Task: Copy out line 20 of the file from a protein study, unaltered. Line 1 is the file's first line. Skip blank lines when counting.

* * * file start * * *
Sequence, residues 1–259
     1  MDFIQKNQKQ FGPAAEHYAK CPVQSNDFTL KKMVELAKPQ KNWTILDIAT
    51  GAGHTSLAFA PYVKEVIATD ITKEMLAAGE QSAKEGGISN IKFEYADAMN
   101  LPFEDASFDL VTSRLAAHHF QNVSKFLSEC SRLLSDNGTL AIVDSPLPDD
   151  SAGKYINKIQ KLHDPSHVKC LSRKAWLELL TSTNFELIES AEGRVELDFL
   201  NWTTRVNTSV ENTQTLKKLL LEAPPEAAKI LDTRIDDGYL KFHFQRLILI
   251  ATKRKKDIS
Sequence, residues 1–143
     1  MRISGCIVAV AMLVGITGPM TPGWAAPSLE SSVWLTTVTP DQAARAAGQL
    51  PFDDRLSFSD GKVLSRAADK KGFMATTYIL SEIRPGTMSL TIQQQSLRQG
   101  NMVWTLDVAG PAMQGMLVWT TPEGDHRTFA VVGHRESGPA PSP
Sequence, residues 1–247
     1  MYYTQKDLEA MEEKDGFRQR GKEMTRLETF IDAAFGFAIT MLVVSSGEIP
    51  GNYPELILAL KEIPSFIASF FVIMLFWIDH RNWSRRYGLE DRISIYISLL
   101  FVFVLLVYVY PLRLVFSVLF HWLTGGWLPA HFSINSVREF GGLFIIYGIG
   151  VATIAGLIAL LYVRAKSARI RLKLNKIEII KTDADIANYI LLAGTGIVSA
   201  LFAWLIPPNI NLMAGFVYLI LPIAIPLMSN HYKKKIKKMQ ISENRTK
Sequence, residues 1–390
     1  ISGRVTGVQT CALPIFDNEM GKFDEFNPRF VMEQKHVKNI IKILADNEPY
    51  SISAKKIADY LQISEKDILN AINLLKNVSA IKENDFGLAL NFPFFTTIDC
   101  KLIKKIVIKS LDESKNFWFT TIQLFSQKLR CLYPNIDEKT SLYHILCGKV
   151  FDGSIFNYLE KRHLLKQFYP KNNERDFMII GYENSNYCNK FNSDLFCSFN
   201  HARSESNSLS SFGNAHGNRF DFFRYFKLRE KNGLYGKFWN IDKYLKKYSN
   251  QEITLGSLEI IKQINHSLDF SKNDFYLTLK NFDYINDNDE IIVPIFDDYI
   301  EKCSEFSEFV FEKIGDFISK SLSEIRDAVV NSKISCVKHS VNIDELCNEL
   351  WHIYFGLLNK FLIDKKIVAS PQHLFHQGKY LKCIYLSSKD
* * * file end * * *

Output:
    51  SISAKKIADY LQISEKDILN AINLLKNVSA IKENDFGLAL NFPFFTTIDC